ADD LEFTHANDED reliever Dave Righetti of the New York Yankees to the list of free agents in whom the Orioles have expressed preliminary interest.
Righetti's agent, Bill Goodstein, said yesterday he spoke last week with Orioles general manager Roland Hemond, who already has contacted the representatives of more than a dozen free agents.
Hemond made all of his inquiries during the 15-day free-agent filing period, when no salary figures could be discussed. Clubs have been free to negotiate with free agents since Monday, but Hemond has been busy attending the general managers' meetings in Scottsdale, Ariz.
"We've stated that we'll exercise all our options," Hemond said last night. "It's a matter of having some discussions, then seeing where the situation leads you to. You're never sure. You don't know unless you explore some of these possibilities."
Righetti, who turns 32 on Nov. 28, earned a major-league record 46 saves in 1986, only to have that mark broken this season by the Chicago White Sox's Bobby Thigpen (57).
He's no longer as dominant, but he finished 1-1 with a 3.57 ERA and 36 saves last season. Most important, he could fill a critical need for the Orioles, who are seeking a hard-throwing lefthander in relief.
Manager Frank Robinson has made no secret of his desire to pitch closer Gregg Olson less often next season, and the addition of Righetti would give the Orioles a dynamic left-right combination in their bullpen.
The world champion Cincinnati Reds demonstrated the value of using more than one closer last season, employing three hard throwers at various times -- righthander Rob Dibble and lefthanders Norm Charlton and Randy Myers.
"Five years ago, no more than a handful of teams had closers you could put in Hoyt Wilhelm's category," Goodstein said. "Then, everyone all of a sudden got great closers -- even Cleveland, with [Doug] Jones.
"There are very few teams that don't have a super closer. But that doesn't foreclose -- based on what happened this year -- a guy like Righetti being very desired because of the possibility of having more than one in your bullpen."
The Orioles also have expressed interest in two other lefthanded relievers, St. Louis' Ken Dayley and Toronto's John Candelaria. The competition for all three is expected to be fierce.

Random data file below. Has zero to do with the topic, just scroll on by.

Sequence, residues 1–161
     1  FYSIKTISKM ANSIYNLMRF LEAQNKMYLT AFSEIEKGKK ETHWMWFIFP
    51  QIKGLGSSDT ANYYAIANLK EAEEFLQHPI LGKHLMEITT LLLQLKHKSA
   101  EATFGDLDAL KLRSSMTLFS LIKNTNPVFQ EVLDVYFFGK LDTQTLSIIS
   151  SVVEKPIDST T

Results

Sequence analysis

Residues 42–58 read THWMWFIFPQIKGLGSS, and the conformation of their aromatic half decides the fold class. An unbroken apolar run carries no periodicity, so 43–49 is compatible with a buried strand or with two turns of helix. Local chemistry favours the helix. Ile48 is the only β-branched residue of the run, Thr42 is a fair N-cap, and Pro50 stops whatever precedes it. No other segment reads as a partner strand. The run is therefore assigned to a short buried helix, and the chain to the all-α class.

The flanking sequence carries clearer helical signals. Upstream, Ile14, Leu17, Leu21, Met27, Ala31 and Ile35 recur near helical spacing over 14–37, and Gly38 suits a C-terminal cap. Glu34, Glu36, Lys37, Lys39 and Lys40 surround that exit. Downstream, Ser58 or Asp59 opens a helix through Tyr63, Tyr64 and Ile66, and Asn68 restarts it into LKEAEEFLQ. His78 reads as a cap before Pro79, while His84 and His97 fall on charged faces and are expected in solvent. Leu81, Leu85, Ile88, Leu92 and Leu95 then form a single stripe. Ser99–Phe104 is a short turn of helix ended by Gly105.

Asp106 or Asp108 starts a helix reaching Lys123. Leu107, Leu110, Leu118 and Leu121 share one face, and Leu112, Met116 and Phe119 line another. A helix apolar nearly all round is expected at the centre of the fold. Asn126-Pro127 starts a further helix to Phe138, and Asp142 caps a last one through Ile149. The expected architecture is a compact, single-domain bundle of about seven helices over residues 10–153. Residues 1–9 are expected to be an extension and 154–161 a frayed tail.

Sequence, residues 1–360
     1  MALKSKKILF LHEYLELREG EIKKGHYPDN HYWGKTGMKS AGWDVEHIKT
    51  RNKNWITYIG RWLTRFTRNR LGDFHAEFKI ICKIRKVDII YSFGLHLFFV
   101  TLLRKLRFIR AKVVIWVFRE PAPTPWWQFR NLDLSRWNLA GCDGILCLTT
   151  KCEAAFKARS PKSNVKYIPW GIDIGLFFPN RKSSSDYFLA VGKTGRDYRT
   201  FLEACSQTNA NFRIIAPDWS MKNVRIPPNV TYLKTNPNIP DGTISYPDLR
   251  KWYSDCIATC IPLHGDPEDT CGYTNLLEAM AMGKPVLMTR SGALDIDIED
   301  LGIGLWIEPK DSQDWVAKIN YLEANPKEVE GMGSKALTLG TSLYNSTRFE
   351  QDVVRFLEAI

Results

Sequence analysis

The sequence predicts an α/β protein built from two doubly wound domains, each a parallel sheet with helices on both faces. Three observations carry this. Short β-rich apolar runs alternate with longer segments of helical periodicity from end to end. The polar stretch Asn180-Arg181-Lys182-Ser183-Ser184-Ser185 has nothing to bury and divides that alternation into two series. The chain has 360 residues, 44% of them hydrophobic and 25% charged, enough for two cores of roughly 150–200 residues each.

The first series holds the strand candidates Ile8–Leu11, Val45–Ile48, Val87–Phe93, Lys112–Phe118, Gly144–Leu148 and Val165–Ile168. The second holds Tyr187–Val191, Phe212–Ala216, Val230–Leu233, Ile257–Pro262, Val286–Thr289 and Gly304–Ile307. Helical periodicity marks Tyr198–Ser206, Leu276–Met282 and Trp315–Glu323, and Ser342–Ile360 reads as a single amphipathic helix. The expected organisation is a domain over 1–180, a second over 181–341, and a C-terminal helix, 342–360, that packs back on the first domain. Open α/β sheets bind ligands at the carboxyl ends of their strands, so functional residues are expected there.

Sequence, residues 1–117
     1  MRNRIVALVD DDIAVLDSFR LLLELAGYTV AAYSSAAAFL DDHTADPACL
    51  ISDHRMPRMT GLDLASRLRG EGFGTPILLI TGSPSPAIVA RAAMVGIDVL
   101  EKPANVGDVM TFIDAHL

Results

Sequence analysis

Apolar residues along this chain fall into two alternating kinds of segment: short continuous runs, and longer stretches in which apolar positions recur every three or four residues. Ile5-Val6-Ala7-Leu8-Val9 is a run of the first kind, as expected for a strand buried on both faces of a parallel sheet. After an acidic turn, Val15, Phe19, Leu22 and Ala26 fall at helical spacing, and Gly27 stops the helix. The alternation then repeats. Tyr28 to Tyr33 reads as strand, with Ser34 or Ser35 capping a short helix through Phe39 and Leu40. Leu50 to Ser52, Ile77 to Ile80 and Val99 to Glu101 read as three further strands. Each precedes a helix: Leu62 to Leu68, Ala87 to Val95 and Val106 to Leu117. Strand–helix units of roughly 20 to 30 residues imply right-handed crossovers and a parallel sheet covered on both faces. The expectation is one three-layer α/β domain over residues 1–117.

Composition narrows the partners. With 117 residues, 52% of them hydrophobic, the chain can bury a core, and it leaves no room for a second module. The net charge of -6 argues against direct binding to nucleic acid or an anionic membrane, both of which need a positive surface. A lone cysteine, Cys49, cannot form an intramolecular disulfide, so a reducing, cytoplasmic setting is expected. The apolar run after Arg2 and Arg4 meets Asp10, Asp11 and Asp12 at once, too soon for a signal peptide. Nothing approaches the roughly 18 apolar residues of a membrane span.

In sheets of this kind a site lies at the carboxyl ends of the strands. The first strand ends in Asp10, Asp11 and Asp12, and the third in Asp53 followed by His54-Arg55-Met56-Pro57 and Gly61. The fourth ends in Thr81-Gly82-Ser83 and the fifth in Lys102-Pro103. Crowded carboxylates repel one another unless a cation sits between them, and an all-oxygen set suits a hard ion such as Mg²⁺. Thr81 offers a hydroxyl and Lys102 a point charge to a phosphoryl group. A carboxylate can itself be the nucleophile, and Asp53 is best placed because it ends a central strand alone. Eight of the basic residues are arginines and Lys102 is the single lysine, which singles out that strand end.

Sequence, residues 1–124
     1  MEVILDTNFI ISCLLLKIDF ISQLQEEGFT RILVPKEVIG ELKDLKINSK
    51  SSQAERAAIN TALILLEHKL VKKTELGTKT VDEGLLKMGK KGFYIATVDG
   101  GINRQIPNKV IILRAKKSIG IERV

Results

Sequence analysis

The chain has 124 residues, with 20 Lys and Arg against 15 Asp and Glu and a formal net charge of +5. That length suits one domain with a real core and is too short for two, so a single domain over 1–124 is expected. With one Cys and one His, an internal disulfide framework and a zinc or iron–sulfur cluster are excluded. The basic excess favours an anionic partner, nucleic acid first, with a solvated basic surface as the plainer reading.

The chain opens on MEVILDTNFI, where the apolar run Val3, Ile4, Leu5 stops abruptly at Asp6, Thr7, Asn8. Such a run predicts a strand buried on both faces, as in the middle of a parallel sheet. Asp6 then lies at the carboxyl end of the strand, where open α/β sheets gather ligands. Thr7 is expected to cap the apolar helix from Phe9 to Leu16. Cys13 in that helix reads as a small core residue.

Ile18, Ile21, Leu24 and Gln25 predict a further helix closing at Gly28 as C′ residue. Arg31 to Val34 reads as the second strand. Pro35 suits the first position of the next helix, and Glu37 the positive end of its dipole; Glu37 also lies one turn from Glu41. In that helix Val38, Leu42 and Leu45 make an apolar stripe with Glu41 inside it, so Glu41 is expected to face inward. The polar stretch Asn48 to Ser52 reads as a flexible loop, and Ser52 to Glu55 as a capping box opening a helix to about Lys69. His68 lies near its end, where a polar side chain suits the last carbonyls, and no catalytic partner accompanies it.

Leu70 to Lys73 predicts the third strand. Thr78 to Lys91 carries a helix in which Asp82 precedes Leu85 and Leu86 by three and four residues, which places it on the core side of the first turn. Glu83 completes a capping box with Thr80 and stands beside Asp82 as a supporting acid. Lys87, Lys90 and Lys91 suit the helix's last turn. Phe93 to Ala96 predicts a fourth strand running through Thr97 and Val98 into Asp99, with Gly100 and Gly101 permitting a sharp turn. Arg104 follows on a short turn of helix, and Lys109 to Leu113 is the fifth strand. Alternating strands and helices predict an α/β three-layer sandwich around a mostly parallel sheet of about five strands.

It's easier to sell a house today than find a quality lefthanded reliever.
* WILL THEY OR WON'T THEY? The Orioles renewed their interest in trading for Boston's Mike Greenwell at the World Series, but there is still some question whether the Red Sox are actually willing to part with their power-hitting outfielder.
"I think they're thinking about it," said Greenwell's agent, Joe Sroba. "But they're scared to death because Mike is an established All-Star. If they let Mike go to Baltimore or anywhere else, he might have an MVP season. They'll be kicking themselves for doing it."
Greenwell, 27, batted .297 with 14 homers and 73 RBIs after a horrendous start last season. The Red Sox almost certainly will keep him if they lose free-agent outfielder Tom Brunansky in the coming weeks.
But if Brunansky returns, the outfield picture could become crowded. For starters, Carlos Quintana is expected to move there next season to make room for the ballyhooed Mo Vaughn at first base.
The Red Sox are also trying to find a spot for another minor-league slugger, Phil Plantier. Further down the line, they have another top outfield prospect, Greg Blosser.
If they ultimately decide to trade Greenwell, they are certain to want a 15- to 18-game winner in return. It's doubtful the Orioles could meet that requirement with the present makeup of their roster.
* GENIUSES AT WORK: Some people forget about baseball once the season ends. Not the crack members of the Orioles' PR department. They've worked long and hard to compile the 1990 season summary, a weighty tome of facts about this year's team.
Bet you didn't know . . .
* In the past nine years, covering his entire career, Cal Ripken ranks second in the majors in extra-base hits (547), seventh in homers (225) and fourth in RBIs (828). Dale Murphy leads the first two categories, Eddie Murray the third.
* Randy Milligan bats right, but he entered the season with a career average of .217 against lefthanders. So much for that tendency: He finished 10th in the AL with a .330 batting average against lefties, and second with a .680 slugging percentage behind Cecil Fielder (.854).
* Mickey Tettleton averaged 36.04 strikeouts per 100 at-bats, the fourth highest rate in major-league history. Milwaukee's Rob Deer produced the first and third highest (39.24 in 1987, 38.41 in 1986). In between, the Chicago White Sox's Dave Nicholson averaged 38.98 in 1963.
* Ben McDonald allowed only 9.33 baserunners per nine innings, lowest in the AL. Lefthanded hitters batted .181 -- another league low -- and overall his opponents batted .205. Meanwhile, the Orioles' pitching staff finished with 10 complete games and five shutouts, both the fewest in the club's 37-year history.
* Mike Devereaux batted .239 with men in scoring position, but .324 in those situations with two outs. Sam Horn was just the opposite: .265 with men in scoring position, .147 with two outs.
* Shortstop Cal Ripken and second baseman Bill Ripken accounted for 11 errors, the fewest in major-league history by a double-play combination that appears in at least two-thirds of its team's scheduled games.
The best years by some other highly regarded combinations: Tinker-Evers (64 errors, Cubs, 1908); Reese-Robinson (34, Dodgers, 1949); Grich-Belanger (26, Orioles, 1976); Whitaker-Trammell (19, Tigers, 1988).
* More Bill: He improved his batting average 52 points, from .239 to .291. Only one AL player had a greater jump: Alan Trammell (61 points from .243 to .304). Rickey Henderson was third (51 points from .274 to .325).